Leibniz-Institut für Medienforschung Hans-Bredow-Institut


Leibniz-Institut für Medienforschung Hans-Bredow-Institut

Hamburg, 12.06.2019: More than one third of adult Internet users (34%) rely on social media such as Facebook, WhatsApp or YouTube as their source for news. In the group of 18 to 24 year olds, Instagram has taken the lead. However, only ten percent of all Internet users consider social media to be the most important source, and only three percent regard them as the only source. Only 16 percent trust news from social media. These are the findings of the Reuters Institute Digital News Report, for which the Leibniz Institute for Media Research in Hamburg prepared the German part of the study. The 2019 study is based on 75,749 respondents from 38 countries.

Sascha Hölig / Uwe Hasebrink (2019): Reuters Institute Digital News Report 2019 – Ergebnisse für Deutschland [Findings for Germany]. In collaboration with Julia Behre. Hamburg: Verlag Hans-Bredow-Institut, June 2019 (Working Papers of the HBI No 47)

Instagram Gains Importance for News Usage

Instagram is the most commonly used social medium in the age group of 18- to 24-year-old online users, also in connection with news. Nearly one in four Internet users (23%) at this age regularly consumes news content online, positioning Instagram just ahead of Facebook and YouTube.

Nevertheless, social media are not primarily used in connection with information about news relevant world events. Twenty-two percent of German online users state that they come across news content on Facebook. Almost every fifth Internet user aged 18 and older also consumes news on YouTube (19%). 16 percent are exposed to information about world affairs via WhatsApp. In the long-term view it becomes clear that Facebook is still the social medium through which users are most likely to come into contact with news content, but that the shares have tended to decline in recent years. Positive trends can be observed on YouTube, WhatsApp and Instagram. Across all age groups, Instagram (6 %) overtook Twitter (5 %) as the source of news in 2019.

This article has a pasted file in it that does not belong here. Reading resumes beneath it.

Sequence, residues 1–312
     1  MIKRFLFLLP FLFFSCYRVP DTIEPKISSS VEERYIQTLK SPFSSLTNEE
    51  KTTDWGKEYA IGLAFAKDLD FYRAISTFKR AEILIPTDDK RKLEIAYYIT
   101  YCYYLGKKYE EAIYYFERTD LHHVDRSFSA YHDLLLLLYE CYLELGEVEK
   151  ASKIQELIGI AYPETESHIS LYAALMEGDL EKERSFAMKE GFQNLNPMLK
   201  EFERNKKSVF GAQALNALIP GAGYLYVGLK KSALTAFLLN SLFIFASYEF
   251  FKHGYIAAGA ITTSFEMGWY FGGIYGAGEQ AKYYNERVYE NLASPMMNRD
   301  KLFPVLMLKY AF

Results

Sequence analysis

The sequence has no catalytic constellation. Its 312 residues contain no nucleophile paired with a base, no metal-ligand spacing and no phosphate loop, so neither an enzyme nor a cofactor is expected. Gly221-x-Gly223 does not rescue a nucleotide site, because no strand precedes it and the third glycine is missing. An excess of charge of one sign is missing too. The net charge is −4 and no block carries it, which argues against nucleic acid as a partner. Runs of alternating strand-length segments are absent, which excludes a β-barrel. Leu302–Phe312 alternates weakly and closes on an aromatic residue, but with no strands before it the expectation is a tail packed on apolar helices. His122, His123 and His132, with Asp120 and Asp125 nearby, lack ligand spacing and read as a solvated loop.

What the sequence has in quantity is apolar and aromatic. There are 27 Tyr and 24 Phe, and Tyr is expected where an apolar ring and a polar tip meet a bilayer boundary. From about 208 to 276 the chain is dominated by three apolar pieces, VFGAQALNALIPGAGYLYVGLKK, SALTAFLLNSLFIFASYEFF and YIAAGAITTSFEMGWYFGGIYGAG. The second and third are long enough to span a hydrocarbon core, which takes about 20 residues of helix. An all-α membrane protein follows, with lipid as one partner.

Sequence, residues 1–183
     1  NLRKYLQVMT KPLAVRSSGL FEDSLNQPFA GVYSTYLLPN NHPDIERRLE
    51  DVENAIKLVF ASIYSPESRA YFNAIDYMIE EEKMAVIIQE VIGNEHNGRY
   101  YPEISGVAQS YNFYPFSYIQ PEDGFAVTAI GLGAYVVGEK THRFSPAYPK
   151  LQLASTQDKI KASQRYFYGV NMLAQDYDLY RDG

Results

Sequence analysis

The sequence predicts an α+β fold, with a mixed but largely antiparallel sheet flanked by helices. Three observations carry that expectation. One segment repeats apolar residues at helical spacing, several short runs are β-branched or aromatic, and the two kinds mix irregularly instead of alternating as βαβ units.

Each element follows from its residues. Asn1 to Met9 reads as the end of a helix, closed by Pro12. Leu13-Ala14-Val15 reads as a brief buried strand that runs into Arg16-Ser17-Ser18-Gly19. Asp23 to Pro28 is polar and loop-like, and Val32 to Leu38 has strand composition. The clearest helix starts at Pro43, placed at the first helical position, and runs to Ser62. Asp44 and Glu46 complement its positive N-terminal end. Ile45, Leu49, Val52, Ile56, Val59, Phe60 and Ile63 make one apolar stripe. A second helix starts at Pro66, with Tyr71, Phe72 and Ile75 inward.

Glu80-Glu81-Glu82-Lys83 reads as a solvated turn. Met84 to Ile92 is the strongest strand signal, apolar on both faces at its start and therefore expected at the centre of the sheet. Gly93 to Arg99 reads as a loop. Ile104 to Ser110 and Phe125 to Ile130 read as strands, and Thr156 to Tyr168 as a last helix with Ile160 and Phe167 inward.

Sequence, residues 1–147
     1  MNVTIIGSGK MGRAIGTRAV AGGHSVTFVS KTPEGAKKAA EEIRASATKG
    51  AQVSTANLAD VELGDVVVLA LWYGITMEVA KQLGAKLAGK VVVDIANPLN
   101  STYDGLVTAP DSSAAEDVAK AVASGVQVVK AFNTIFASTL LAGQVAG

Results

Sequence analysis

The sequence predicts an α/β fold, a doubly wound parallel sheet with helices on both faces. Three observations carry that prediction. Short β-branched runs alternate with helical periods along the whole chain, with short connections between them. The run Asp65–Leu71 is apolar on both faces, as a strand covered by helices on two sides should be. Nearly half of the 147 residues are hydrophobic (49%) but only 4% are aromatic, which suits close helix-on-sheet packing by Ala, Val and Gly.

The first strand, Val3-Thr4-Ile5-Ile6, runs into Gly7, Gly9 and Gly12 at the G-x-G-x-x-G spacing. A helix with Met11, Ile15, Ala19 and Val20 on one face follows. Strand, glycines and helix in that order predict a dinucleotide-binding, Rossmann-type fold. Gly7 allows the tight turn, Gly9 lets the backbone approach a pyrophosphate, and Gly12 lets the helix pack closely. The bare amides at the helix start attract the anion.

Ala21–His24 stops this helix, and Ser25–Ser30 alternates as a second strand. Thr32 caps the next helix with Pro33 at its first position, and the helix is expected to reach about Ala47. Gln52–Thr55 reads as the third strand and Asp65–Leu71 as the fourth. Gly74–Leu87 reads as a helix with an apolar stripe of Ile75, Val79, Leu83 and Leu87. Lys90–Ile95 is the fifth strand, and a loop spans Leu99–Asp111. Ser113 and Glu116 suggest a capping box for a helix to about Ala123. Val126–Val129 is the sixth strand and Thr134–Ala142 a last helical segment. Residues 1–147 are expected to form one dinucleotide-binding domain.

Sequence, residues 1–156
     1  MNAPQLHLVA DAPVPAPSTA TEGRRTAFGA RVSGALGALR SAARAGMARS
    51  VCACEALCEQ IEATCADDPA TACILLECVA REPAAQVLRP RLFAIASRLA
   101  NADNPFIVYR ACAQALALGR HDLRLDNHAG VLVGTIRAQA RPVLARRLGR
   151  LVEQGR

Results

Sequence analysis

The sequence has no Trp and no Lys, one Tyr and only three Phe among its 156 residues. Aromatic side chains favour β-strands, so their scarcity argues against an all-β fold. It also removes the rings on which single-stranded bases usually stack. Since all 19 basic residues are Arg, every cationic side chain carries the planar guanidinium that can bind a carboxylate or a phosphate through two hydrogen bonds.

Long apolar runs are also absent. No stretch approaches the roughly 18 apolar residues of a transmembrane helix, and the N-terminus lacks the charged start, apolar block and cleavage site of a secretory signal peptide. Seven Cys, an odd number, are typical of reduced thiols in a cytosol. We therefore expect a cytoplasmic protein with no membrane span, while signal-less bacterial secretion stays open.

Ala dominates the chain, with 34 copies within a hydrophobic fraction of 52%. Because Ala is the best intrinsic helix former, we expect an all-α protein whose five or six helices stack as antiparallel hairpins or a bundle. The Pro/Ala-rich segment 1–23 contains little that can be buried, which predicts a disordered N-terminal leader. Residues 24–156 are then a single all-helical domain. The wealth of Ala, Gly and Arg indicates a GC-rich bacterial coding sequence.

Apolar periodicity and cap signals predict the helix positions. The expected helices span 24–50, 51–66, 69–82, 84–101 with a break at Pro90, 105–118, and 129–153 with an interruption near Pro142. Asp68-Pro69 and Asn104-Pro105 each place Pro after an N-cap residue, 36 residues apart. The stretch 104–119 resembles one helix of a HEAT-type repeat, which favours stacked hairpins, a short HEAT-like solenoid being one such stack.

News Usage by Germans Remains at High Level

With 95 percent, the vast majority of adult onliners in Germany will continue to watch, listen to or read news at least several times a week in 2019. This value is stable in the long-term perspective. The proportion of adult Internet users in Germany who are extremely or very interested in news is slightly declining to 68 percent.

Mix of Traditional and New Media

All in all, Germans continue to rely on a mix of traditional and new media to inform themselves about world events. Three out of four adult onliners watch news on television several times a week (72%), and 44% listen to news on the radio. Online news is viewed at least once a week by 68 percent of Internet users over the age of 18. In the long-term trend, the proportion of people watching news on television is slightly declining, while more and more people are using the Internet as a source.

Printed newspapers and magazines will reach 34 percent of adult online users in 2019. The online editions of newspapers (26 %) and magazines (28 %) also remained at the level of previous years.

Television Remains Most Important Source of News, Internet Gains in Importance

In Germany, television is not only the most widespread source of news, it is also the most important source (45%) for the majority of online users. More than one in three of the respondents cites the Internet as their main source of news (36%); among 18-24 year olds it is 69%. However, even for the youngest group of respondents, traditional journalistic-editorial services concerning news consumption online are in the foreground.

Confidence in the Media Further Divided

Only nearly every second adult online user in Germany trusts most of the news (47%). This is three percent points less than last year, with slight declines of similar magnitudes being observed in all age and formal education groups. A long-term view clearly shows that general confidence in news has not yet recovered since a significant loss in 2016.

The picture is somewhat different with regard to trust in the news you use yourself: 60 percent of online users over the age of 18 agree with the statement that they trust the news they use. This value has been comparatively stable over the last three years.

In an international comparison of the 38 countries participating in the survey, Germany ranks twelfth with 47 percent of respondents who generally trust news. The range extends from 59 percent (Finland) to 22 percent (South Korea).

The news spread via social media is viewed most skeptically. Only 16 percent of the interviewed onliners state that they trust them. This is two percent less than in 2018.
The highest levels of confidence are in the main news programmes of the two public broadcasting channels and in regional daily newspapers.